The other three poems are by Hermann Hesse a friend gave Strauss, who marked them for setting.

    Have others noticed Strauss quotes seven notes of “Porgi amor”, around “Wir sind wandermüde”?

    • Strauss’ oeuvre is full of almost quotations, he was a busy conductor and the entire palette of the repertoire was always close when composing. Nothing wrong with this: it is the way traditions work. Once during a rehearsel of his own music a player referred to a theme which was almost the same as some well-known phrase from the repertoire, upon which Strauss said: ‘Yes, it’s beautiful isn’t it?’ and continued the rehearsel undisturbed.

      • John Borstlap. composer handle these thingss differently. Brahms threw Hans Rott out for one too many suggestions of Beethoven in the finale of his first symphony’s, but to another simply growled “Any donkey can see that” and probably did not know his young friend Mahler’s use of that theme’s rhythm to open Mahler’s third symphony.

        Every melomane has his own list: Godowsky’s of a seven-note phrase from Chopin’s waltz in A-flat in ‘his Gardens of the Buitzenzorg” from “Java Suite”‘; Schubert’s tip of the hat th his second trio to Beethoven’s Ghost and Archduke; opening of Liszt’s E-flat concerto in augmentation by Addinsellfor “Warsaw Concerto”.
        Strauds’s are usually self-quotation, but others’ in “Metamorphosen”, and “Porgi amor” cost me a nights’ sleep to pin down.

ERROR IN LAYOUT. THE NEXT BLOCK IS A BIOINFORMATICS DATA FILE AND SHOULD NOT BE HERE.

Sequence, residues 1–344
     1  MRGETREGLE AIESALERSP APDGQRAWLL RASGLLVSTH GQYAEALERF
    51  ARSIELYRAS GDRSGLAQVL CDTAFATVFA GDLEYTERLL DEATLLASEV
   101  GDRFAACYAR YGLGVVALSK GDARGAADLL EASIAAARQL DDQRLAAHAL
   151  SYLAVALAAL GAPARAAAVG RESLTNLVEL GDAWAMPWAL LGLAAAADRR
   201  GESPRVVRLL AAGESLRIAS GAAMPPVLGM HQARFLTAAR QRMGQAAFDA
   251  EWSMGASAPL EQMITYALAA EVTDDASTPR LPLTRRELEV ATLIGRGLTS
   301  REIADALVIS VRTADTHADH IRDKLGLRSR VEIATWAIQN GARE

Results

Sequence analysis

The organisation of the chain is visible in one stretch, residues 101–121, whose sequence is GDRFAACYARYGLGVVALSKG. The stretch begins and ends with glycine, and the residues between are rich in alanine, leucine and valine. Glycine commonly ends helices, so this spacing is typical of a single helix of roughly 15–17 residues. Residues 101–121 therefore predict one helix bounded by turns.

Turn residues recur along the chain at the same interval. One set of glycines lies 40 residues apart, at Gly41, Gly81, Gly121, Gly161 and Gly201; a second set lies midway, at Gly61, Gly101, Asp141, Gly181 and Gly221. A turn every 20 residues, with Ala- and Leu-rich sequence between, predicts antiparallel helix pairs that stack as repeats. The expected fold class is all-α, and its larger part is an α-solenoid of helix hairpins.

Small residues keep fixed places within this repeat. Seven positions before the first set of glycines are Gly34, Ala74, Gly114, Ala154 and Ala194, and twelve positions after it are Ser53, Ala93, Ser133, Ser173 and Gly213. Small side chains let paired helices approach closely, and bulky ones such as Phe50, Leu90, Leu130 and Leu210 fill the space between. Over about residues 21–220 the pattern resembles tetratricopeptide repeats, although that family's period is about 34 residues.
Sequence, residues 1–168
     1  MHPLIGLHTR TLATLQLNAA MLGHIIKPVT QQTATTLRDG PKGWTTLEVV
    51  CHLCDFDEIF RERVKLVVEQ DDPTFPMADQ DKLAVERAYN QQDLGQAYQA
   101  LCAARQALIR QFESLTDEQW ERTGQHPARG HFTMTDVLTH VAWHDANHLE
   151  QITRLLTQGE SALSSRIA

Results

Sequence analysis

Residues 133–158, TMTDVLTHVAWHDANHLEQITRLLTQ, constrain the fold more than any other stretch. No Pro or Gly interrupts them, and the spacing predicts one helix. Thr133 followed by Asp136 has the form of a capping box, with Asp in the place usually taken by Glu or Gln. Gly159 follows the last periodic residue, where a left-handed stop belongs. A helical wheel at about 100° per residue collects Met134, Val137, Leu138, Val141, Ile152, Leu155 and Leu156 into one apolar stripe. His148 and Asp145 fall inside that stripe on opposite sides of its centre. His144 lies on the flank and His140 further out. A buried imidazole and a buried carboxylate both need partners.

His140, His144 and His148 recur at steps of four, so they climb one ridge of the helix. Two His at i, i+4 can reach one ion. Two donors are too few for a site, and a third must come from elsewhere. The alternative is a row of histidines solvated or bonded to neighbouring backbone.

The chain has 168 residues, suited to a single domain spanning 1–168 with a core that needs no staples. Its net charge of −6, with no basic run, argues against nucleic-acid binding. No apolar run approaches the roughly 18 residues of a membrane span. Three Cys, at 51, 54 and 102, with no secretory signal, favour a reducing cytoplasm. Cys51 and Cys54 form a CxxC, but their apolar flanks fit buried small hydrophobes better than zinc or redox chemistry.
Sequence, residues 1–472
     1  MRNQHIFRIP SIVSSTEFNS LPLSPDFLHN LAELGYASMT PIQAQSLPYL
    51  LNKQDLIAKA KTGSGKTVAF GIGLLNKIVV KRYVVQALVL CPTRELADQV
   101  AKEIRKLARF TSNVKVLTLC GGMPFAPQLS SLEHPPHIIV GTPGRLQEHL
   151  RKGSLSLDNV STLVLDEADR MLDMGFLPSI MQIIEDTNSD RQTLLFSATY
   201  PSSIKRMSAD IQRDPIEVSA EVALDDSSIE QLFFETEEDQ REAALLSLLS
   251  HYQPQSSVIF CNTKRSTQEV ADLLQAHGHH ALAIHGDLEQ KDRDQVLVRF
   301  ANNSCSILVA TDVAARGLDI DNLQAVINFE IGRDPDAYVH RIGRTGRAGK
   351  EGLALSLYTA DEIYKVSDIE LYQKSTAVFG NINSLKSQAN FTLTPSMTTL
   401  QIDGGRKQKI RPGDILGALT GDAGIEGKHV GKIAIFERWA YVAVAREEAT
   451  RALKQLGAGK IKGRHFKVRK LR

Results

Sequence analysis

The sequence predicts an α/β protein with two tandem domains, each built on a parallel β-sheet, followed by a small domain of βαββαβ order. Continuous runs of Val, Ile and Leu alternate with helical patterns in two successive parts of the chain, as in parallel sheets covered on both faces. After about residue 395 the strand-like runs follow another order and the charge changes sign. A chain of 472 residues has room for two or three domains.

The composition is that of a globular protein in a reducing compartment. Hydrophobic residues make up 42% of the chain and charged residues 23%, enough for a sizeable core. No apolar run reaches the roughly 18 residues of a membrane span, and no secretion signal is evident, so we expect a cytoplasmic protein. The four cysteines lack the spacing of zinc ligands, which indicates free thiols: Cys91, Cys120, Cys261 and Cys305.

Two of the most inexplicable: the horn theme identical to Thaikovsky’s “Swan Lake” and Wagner’s “Lohengrin”, also about a swan, and they hated each other.

        Another is stranger still. Liszt wrote “Funerailles” and dated it “October 17, 1849”, the day of Chopin’s death, but insisted it had nothing to do ith Chopin, although you hear the galloping Polish cavalrs left-hand octaves from the A-flat Polonaise. Liszt’s even changes key and direction of the horsehooves at thesame spot as Chopin. Then why the date of Chopin’s death? And fobb it off on a Hungarian martyr?

        Dwight MacDonald has an anthology of world poetry that includes a parody section: parodies by others, and self-parodies both conscious and unconscious. You could ,ale a similar collection for music. Some are pretty funny … Jack Kerouac, Henry James, Fennimore Cooper, Kipling, Hemingway, Faulkner, some existentialists for good measure.

  • “Unequalled in the 4 Last Songs” – it would be much better to say “unsurpassed”. That way you can still allow for other performances (Schwartzkopf, Jessye Norman, etc.?) that may be as great in their own unique way, as well as allow for varying and changing tastes.
    With subjective Art, there is never a way to determine ‘best’. Save ‘unequalled’ for the 100 meter dash results; for matters artistic, better to use ‘unsurpassed’.
    That is, unless one is intentionally courting controversy – and page hits! 😉